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March 26, 2003

Anti-Saddam Exiles Returning to fight US

In explaining the lack of a popular uprising to support the US invasion (despite false rumours from Basra), the fallback argument has been that dissident forces still fear reprisals from Saddam's forces in case the US doesn't prevail. The more sophisticated version of this admits that, given that the US encouraged an uprising by Shia forces in 1991, then left them to be suppressed and murdered, the population is understandably cynical and is in "show me the money/success" mode before they show their hand in support of the US.

But how do they explain anti-Saddam exiles in perfect safety in foreign countries returning home to Iraq to sight the United States?:

Young Iraqi exiles are rushing home to defend their country in growing numbers, even though many strongly oppose Saddam Hussein's regime.

A fatwa issued by the highest religious leaders of Shia Islam, calling on Iraqis to "fight the aggressors and stand against the invasion", will accelerate an already strong trend for young Iraqi exiles to go home to defend their country.


Nowhere is this more visible than in the warren of narrow streets in Saida Zeinab, a heavily Iraqi Shia neighbourhood of the Syrian capital.

"I'm against Saddam but I'm not for America," said a young man yesterday behind a shop counter full of music CDs and cassette tapes of speeches and lectures by Shia scholars.

Until two months ago Abdullah, 25, (who did not want to give his real name) was a student of engineering from Kerbala, a town south of Baghdad which contains one of Shia Islam's holiest mosques.

Now he is planning to go home. The patriotic drive to defend his country has overcome his hatred of Saddam's regime, he said, though there are other factors too - peer group pressure and anxiety about his parents' well-being.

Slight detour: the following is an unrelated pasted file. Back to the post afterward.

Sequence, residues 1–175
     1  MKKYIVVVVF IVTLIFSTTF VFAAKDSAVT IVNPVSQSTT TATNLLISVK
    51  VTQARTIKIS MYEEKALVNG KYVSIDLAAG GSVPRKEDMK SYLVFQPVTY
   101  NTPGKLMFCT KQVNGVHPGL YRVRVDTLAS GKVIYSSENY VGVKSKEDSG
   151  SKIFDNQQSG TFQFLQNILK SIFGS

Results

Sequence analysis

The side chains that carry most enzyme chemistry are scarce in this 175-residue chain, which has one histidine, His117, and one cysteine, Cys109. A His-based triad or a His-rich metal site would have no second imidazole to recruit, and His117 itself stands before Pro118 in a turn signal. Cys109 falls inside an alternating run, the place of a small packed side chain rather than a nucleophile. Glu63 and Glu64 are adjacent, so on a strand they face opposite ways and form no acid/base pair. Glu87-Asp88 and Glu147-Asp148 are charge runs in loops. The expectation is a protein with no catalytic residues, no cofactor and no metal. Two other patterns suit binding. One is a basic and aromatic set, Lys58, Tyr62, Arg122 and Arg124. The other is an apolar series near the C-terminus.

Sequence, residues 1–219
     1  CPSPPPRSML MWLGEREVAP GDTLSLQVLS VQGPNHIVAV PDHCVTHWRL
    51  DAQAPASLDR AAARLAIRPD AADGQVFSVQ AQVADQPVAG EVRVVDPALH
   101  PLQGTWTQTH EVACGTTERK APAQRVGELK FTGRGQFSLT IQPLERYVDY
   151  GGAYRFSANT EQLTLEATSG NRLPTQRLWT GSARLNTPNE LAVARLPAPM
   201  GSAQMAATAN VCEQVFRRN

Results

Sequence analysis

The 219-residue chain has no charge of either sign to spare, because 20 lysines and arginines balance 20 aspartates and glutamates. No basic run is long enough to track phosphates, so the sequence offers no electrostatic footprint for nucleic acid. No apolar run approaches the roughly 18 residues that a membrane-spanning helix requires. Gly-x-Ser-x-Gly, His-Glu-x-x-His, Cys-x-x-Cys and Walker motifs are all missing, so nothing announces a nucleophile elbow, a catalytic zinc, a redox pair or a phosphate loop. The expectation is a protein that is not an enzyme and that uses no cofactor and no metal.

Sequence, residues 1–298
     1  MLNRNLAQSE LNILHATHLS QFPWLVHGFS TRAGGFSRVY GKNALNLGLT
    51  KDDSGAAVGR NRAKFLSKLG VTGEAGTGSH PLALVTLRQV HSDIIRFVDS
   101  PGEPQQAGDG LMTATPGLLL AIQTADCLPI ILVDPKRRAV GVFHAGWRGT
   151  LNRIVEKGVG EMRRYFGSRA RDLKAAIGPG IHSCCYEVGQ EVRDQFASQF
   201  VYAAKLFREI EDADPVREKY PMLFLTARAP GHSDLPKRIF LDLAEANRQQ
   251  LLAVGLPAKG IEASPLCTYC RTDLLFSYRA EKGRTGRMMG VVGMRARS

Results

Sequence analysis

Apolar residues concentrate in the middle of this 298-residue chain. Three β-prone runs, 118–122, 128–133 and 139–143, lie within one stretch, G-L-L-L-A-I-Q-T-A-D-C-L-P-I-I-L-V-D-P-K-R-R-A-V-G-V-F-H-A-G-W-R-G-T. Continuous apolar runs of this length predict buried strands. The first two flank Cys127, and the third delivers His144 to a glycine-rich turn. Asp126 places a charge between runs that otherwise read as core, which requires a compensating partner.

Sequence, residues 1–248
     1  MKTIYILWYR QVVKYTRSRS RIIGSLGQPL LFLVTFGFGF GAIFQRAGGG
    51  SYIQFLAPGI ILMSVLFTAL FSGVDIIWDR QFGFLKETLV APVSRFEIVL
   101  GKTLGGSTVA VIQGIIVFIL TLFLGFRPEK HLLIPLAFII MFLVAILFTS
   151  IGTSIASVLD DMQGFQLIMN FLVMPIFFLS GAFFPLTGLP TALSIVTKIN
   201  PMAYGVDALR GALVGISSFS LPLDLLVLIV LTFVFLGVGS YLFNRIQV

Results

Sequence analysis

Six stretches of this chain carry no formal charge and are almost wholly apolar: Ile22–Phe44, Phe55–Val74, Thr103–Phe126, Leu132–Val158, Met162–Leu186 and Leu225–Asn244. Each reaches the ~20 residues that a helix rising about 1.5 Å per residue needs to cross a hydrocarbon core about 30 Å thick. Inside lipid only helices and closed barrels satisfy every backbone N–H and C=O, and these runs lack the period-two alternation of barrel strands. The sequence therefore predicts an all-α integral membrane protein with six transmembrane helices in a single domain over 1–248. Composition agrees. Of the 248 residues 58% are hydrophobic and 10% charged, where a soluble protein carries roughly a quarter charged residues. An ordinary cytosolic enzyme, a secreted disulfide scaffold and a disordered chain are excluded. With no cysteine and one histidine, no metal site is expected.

Obviously, many Iraqi exiles support the war to oust Hussein's regime, but facing the reality that even many exiles-- by definition more likely to oppose Hussein-- are willing to fight to defend his regime means that any hope for widespread popular support for the US invasion is unlikely to materialize.

Posted by Nathan at March 26, 2003 09:54 AM

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Comments

The Bush administration seems to believe that the can flimflam everyone. GWB has led a charmed life -- everything has always worked, for mysterious reasons --and he seems to think that it will continue indefinitely.

It shouldn't have been hard to guess that the Shias and the Kurds would be very very ginger about sticking their necks out. (Pissing of the Turks on top of doublecrossing the Kurds was a stroke of genius). And we might even have realized that every dictator has his supporters -- few are hated by everyone. (The apparently widespread private ownership of guns in Iraq should change the 2nd Amendment argument some, right?)

On top of that, most Muslims and Middle-Easterners dislike the US. That's the hand we've been dealt; you have to play it carefully.

I just saw that young Graham's anti-Muslim missionaries are gearing up to go in once the place is pacified. Just what we need to make us look good and win friends in the Muslim world.

Posted by: zizka at March 26, 2003 02:57 PM

I can appreciate their courage and patriotism, if not their good sense. Theyl'll have to call the movie Death Wish II.

Posted by: markg at March 27, 2003 05:04 PM

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